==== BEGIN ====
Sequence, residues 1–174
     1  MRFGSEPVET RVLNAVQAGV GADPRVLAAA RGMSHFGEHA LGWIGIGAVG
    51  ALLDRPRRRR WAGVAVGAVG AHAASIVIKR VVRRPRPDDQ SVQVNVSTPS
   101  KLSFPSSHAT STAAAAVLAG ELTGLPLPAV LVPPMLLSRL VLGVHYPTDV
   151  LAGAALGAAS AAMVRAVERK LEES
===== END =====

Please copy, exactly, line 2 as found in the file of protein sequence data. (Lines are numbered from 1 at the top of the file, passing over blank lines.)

     1  MRFGSEPVET RVLNAVQAGV GADPRVLAAA RGMSHFGEHA LGWIGIGAVG